Hungary’s second Magic Valley Media Literacy and Education Centre opened in Debrecen
At the grand opening ceremony held on 8th February, president of the National Media and Infocommunications Authority (NMHH) Monika Karas opened the Magic Valley of Debrecen, Hungary’s second media literacy and education centre, which is the first one outside Budapest.
NMHH opened the first training centre designed to enforce media literacy and awareness in Hűvösvölgyi út, Budapest, in May 2014, and it has been operating ever since with great success. More than 17 thousand students from over 200 settlements, approximately one-third of them multiply disadvantaged children or from underprivileged settlements, have visited the institute since its opening and attended sessions led by trained media literacy instructors. Based on the popularity and the workload of the Budapest centre, it is safe to assume that the Debrecen facility will have a similarly busy schedule ahead.
At the Debrecen opening ceremony Monika Karas emphasized that the second Magic Valley centre provides students with practical experience and skill development options to help them find their ways around the digital space.
“We at NMHH believe that if we can get children to use their smart devices with critical interest and prudence, and with time media awareness becomes a self-evident competency to them, they will become more balanced, self-confident and responsible adults. I trust that the Debrecen Magic Valley will enrich them with experience they will never forget and will become an integral part of their lives they can take home away from here,” President Karas said.
“Debrecen will also be a good place for Magic Valley,” commented Deputy Mayor Dr. Lajos Barcsa. “We really needed a high quality media literacy training centre. Investment in education always produces returns. We thank the NMHH management for selecting Debrecen as the venue of the Eastern Hungarian centre. I am sure that hundreds of children will use this institution with delight and a thirst for knowledge,” he added.
By implementing a Magic Valley network, NMHH strives to create centres with cutting-edge technology and qualified media literacy trainers to teach students in a fun and creative way in the presence of their teachers about what influence the media has on them. Instructors and educators have an immense responsibility in helping students understand today’s digital-based society and economy, and we need to support them in this endeavour with as much help as we can. Teachers can provide key guidance to students and children familiarizing themselves with the various elements of the media. Educators registered on the website of the Magic Valley can access the multimedia creations of their student groups after the visit, so they can easily integrate the lessons of the sessions into their own classroom work on media.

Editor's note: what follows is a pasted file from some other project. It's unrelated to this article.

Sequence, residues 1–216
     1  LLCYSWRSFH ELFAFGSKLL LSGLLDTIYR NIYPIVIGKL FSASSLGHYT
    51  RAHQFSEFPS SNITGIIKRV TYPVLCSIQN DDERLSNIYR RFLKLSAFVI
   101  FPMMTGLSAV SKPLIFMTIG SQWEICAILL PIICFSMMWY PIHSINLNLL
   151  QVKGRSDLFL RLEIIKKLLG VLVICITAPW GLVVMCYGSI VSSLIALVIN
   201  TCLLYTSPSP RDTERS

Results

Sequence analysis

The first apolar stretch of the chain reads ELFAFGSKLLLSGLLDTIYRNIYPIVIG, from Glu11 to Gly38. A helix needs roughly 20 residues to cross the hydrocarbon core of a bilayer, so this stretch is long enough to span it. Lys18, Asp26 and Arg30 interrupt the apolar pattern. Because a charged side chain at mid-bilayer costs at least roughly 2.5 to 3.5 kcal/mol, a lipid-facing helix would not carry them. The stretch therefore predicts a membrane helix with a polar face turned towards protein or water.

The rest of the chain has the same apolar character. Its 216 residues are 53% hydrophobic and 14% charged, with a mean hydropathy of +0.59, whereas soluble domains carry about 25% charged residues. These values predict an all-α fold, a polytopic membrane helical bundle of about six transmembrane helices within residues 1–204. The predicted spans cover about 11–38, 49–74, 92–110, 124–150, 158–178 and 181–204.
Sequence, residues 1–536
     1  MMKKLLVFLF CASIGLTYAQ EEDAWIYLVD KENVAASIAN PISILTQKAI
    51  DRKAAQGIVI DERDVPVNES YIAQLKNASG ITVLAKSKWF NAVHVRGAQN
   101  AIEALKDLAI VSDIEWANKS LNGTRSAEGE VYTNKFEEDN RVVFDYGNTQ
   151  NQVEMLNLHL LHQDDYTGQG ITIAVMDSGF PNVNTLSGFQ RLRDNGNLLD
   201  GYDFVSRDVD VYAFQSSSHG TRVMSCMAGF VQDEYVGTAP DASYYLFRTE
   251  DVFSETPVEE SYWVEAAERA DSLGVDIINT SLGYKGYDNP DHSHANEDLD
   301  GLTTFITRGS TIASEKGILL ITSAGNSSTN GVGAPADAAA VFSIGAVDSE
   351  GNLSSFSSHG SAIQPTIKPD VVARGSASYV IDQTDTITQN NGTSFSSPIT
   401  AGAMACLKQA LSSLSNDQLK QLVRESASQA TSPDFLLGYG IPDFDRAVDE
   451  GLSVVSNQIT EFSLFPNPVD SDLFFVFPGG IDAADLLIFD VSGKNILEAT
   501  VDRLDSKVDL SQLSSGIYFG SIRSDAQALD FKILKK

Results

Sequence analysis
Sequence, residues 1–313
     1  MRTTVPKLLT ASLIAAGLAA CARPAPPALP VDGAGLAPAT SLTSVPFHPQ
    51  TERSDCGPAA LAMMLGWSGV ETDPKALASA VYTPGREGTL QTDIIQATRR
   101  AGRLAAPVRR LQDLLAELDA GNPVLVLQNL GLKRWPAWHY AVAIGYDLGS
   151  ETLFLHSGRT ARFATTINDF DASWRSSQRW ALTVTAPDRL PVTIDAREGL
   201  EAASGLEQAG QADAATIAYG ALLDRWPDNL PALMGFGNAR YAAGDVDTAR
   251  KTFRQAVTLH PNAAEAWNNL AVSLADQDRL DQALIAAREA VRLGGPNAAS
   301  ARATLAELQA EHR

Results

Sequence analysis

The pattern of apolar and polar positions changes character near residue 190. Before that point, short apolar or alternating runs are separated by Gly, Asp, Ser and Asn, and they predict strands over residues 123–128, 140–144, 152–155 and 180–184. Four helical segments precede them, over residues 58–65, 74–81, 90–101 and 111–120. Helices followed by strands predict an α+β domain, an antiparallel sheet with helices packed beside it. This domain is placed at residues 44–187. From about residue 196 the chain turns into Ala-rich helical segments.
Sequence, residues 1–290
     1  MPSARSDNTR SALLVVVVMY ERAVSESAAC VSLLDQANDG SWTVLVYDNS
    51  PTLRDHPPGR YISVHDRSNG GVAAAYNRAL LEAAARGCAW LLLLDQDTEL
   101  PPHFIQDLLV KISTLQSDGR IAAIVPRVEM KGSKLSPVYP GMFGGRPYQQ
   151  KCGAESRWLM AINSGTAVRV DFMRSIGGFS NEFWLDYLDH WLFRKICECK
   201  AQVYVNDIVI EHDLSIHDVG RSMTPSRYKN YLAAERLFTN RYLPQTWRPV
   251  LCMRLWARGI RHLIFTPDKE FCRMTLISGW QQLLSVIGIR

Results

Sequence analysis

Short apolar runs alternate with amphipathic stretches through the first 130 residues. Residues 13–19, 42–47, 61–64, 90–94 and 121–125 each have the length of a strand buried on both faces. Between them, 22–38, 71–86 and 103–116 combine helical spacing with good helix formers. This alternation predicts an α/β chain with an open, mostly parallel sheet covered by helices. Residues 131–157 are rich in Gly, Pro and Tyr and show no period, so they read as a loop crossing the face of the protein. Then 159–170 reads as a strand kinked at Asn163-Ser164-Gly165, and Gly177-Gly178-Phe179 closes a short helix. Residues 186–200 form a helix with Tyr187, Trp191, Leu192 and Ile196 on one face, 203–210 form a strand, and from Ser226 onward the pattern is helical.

Learning by studio situation exercises and from own experience
Students between 9 and 16 years of age can learn new skills that will help them interpret and use the various types of media content available. In the Magic Valley, the issues on media operation find their way to generation Z to help these children understand both the positive and the negative influence of the media. The centres were created in response to the media authority taking responsibility for guiding today’s youth in their understanding of the globalised virtual space. The sessions encourage students to use modern devices in a responsible manner and call their attention to the perfect opportunities these devices offer to obtain knowledge as well as to the unknown sources of threat.
One of the responsibilities of the Magic Valley is to equip children with self-confidence, healthy scepticism and critical approach. The experience-centred sessions help students acquire the basics of media awareness by producing media content themselves. NMHH has organized sessions in the modern studios around eight topics ranging from front page editing to advertisements and Internet communication. Debrecen will introduce a new session focusing on Internet risks and also will establish a fun framework for discovering the opportunities offered by the Internet. The news studio allows students to create impartial, pluralist news content from prepared materials and their own videos recorded on the spot.
Applicants expected from five counties
The program is aligned to the efforts outlined in the National Core Curriculum (NCC). Since, according to the NCC, currently media education is closely related to a number of other content areas and is not defined as an individual subject, basically, it is often not media teachers, but rather teachers with other majors (e.g. Hungarian language and literature, drawing, etc.) who take on the task of media education. To deal with the complexity of the topic, preparatory materials have been compiled. Students can work on these materials with help from their teachers prior to their visit to Magic Valley. The materials are arranged by the NMHH staff into different versions based on the depth of students’ prior media knowledge.
The Debrecen media awareness training centre of NMHH will accept students from Hajdú-Bihar, Szabolcs-Szatmár-Bereg, Borsod-Abaúj-Zemplén, Jász-Nagykun-Szolnok and Békés counties. Educators interested in this opportunity can learn more at http://buvosvolgy.hu/ . Visit to the Magic Valley is free in Debrecen as well, and the authority even provides free accommodation to participating student groups.
The news of the NMHH Magic Valley Network is worth following on Facebook with active information about the specialties of media operations: https://www.facebook.com/buvosvolgy/.
There is even an introductory video about the Debrecen centre to view in the video archive (‘Videotár’) menu of the NMHH website: